Oh good job that massive global overreach by the world's only superpower and the corruption of smaller governments is so unimportant that we're doomed.

Yeah, this isn't Steven Hawking, but it is certainly news for nerds and undeniably sutff that matters. Seriously, people whine about anything here.

Comment What? (Score 1) 85 85

[T]he Sparc M7 will have technologies for encryption acceleration and memory protection built into the chip.

Well, encryption acceleration has been available on x86 for a while and memory protection has been available on... well, I seem to remember that was the big feature the 286 had over the 8086, and it was only new to PCs at that point. That's a rather peculair thing to brag about, especially as the SPARC chip has always had it since it's inception.

Whatever though. I am kind of in two minds about this. Yaaay cool new sparc chip! ew, Oracle.

Comment Re:It's really not much fun... (Score 1) 260 260

KCC's switching to LED means that longer term it'll cost the same as the half-lighting that goes on now

Where did those figures come from? High pressure sodium lamps still beat out LEDs handily in lumens per watt. Both have ancillary electronics of which the sodium ones are a bit less efficient, and the sodium ones tend to need bigger reflector assemblies which lower the efficiency, but the resulting overall the efficiencies are awfully similar. They also have similar overally lifetimes. HPS lamps also don't dim with age.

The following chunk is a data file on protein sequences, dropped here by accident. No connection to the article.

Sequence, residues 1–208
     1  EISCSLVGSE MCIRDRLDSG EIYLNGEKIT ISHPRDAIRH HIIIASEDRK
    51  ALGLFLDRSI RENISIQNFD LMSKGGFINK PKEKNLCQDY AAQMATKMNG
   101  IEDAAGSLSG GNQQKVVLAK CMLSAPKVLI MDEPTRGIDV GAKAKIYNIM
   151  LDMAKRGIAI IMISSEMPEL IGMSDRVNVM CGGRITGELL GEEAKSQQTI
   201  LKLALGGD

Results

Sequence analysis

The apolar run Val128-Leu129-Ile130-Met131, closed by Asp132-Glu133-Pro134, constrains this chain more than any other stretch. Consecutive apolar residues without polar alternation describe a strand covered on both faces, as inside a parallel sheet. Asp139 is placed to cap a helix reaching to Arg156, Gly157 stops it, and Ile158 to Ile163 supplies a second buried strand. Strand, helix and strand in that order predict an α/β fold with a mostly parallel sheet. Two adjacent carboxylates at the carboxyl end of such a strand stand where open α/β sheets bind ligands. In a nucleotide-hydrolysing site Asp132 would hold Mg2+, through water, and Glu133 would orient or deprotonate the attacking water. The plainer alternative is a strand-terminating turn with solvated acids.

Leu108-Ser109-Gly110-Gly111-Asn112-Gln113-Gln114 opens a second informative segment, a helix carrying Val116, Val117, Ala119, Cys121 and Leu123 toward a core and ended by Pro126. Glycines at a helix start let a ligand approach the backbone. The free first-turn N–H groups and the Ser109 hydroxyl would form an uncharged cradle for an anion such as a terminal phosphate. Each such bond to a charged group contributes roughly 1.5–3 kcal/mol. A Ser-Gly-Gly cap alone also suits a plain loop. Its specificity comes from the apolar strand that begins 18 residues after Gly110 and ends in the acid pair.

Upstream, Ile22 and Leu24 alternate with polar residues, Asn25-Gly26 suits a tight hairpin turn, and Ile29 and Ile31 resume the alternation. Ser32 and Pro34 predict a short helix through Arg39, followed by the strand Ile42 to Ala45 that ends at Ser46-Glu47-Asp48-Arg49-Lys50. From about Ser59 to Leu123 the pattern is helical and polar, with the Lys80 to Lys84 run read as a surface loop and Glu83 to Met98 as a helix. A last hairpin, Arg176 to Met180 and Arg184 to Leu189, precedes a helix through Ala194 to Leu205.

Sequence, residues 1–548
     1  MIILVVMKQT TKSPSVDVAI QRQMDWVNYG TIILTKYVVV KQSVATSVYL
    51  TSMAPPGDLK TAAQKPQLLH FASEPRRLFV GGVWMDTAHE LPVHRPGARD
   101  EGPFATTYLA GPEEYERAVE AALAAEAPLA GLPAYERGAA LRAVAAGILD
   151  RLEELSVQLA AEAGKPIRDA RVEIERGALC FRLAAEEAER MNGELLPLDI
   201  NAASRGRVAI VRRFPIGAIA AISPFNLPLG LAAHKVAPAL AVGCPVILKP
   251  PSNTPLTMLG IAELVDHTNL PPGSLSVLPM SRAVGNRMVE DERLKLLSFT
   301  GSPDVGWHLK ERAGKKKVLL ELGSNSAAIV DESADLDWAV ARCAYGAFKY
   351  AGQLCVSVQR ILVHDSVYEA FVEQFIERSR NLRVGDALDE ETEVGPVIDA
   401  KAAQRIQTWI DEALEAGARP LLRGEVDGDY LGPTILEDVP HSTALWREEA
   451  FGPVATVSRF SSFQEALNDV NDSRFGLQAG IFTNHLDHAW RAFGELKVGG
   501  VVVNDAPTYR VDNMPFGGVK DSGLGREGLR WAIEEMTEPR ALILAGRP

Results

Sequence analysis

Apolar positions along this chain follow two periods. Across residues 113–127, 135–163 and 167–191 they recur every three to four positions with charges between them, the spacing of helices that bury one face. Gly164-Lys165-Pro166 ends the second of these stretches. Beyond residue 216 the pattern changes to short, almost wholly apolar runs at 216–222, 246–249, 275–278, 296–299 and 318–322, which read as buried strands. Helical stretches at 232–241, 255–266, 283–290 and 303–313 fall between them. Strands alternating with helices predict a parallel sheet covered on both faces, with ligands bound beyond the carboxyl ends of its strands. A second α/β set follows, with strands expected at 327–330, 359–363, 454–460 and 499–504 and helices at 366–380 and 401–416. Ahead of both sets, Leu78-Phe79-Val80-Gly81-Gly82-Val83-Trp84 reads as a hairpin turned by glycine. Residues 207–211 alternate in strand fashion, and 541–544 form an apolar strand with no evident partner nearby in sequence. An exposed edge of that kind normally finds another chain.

Personally, I think LEDs are the future, an eventually they'll beat out pretty much all other forms of lighting. But if the council can save a factor of 2 (!) by switching to LEDs, they probably could have saved that 10 years ago by switching to non ancient vapour lamps instead.

The low pressure lamps are about twice as good as LEDs, but if one takes into visual perception the monochromatic light sucks. The HPS ones are orangish white and fine. There are very white one which are less efficient than the normal HPS ones, but still good. Also, top end metal halide lamps match LEDs for efficiency.

Comment Re:So they stayed home. So what? (Score 1) 260 260

So we should waste money and resources and pollution lighting up roads so you can bike home?

Should one waste money on road repairs, and resources on pollution from cars just so you can have fewer lights? You're assuming (unwarranted) that the bike is somehow special and the car is the default option.

Comment GCC, stable APIs and subversion of Free software. (Score 3, Interesting) 327 327

Hi RMS,